• Selected farmers will be featured in The Jeans Redesign project by the Ellen MacArthur Foundation.
Farmers must submit documented evidence of improved soil health and environmental benefits resulting from their adoption of regenerative agricultural systems

Farmers must submit documented evidence of improved soil health and environmental benefits resulting from their adoption of regenerative agricultural systems

US denim brand Wrangler is inviting global cotton farmers to apply for their cotton to be used in the manufacture of a new jean that celebrates the benefits of regeneratively grown cotton.

Farmers who can demonstrate and document soil-carbon and biodiversity improvements are invited to apply for their cotton to be purchased for a Wrangler Retro Premium submission as part of The Jeans Redesign project from the Ellen MacArthur Foundation (EMF).

Launched last year, the Jeans Redesign sees more than 50 brands embrace the principles of circular economy to ensure positive impacts for the environment, society and the health of those working in its industry. The guidelines, as set out by over 40 denim experts alongside the Foundation, establishes the minimum requirements for the durability, material health, recyclability and traceability of denim jeans. As defined by the EMF, one of the key principles of circular economy is the regeneration of natural systems. The principle aligns with Wrangler's aim to source 100% sustainably grown cotton by 2025.

To be considered for inclusion in the Wrangler Retro Premium 'Regenerative Jean' collection, Wrangler is asking any farmer from around the world to submit documented evidence of improved soil health and environmental benefits resulting from their adoption of regenerative agricultural systems. Examples include improvements in soil carbon, soil physical properties, biological properties, and determined benefits to the environment. An external panel chaired by the Soil Health Institute will review farmer submissions for selecting the final candidate.

"A circular economy is symbiotic with regenerative agricultural practices," says Roian Atwood, senior director, global sustainable business at Wrangler. "Wrangler is amplifying our commitment with this call to action as we work with farmers to rapidly scale the supply of sustainably-grown cotton. For this project, we're looking for the best of the best."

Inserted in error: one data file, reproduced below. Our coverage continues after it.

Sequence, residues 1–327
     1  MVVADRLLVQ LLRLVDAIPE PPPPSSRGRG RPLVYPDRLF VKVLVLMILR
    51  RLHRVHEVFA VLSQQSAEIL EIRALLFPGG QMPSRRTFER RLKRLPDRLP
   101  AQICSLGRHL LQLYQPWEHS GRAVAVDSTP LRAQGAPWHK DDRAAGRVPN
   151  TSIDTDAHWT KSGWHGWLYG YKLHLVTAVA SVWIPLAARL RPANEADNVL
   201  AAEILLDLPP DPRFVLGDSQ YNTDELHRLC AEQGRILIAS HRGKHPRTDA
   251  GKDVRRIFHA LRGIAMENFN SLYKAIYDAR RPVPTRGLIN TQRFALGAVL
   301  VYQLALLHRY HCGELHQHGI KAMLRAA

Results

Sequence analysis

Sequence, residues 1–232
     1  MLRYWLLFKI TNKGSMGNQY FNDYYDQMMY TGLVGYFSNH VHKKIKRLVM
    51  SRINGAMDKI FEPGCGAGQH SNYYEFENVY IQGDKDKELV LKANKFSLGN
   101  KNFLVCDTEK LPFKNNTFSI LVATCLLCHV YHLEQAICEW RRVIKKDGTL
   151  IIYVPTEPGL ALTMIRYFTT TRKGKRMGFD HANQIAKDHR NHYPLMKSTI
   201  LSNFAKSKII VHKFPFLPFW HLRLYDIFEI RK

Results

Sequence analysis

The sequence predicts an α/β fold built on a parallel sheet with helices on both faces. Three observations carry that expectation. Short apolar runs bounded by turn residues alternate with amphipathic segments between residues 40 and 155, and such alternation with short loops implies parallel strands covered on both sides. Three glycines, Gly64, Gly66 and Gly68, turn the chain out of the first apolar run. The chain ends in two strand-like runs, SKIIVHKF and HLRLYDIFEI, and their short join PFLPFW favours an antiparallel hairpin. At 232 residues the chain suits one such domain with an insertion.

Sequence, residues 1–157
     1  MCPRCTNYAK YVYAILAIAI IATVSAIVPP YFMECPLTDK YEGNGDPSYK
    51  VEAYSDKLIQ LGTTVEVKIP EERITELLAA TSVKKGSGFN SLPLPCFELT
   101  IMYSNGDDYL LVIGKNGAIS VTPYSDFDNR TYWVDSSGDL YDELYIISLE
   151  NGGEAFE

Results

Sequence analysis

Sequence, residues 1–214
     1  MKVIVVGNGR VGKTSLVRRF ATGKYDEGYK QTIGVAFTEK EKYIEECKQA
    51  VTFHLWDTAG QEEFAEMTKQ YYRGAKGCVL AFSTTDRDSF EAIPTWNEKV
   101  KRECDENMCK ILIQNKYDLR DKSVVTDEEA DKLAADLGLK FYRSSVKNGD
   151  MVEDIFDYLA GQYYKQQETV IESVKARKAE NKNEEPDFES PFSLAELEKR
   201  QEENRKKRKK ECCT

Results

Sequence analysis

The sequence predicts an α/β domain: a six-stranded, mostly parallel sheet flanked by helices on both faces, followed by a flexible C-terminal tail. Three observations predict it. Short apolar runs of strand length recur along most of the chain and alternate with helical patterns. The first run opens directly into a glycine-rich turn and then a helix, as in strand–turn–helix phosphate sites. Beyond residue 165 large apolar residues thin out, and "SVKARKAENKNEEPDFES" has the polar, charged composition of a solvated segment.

The mov builds on the launch of Wrangler's sustainable cotton programme in 2017, the Wrangler Science and Conservation Program, with an aim to build a more resilient and regenerative cotton supply. The programme is an alliance of industry experts, pioneering farmers, and non-profit partners that sponsors research, farmer workshops and promotes soil health farming practices. Research shows these science-backed methods can increase yield while reducing water and energy inputs, fighting erosion, and add more carbon into the soil. 

"Over the last 100-150 years, many of our most productive agricultural soils have lost 40-60% of their precious organic carbon back into the atmosphere," says Wayne Honeycutt, president and CEO of the Soil Health Institute. "Restoring carbon back into the soil with regenerative agriculture is one of the greatest opportunities we have to address both climate change and the financial well-being of farmers. We hope more brands will follow Wrangler's lead and produce climate beneficial clothing." 

In addition to signing onto the Jeans Redesign guidelines, Wrangler recently joined EMF's Make Fashion Circular, which drives collaboration between apparel industry leaders to ensure clothes are made from safe and renewable materials, new business models increase their use, and old clothes are turned into new.

Last month, the brand said it is to expand the scope of its water conservation efforts with a new global to achieve a 50% reduction in water usage by 2030.

Farmers interested in applying can find more information about the submission process here.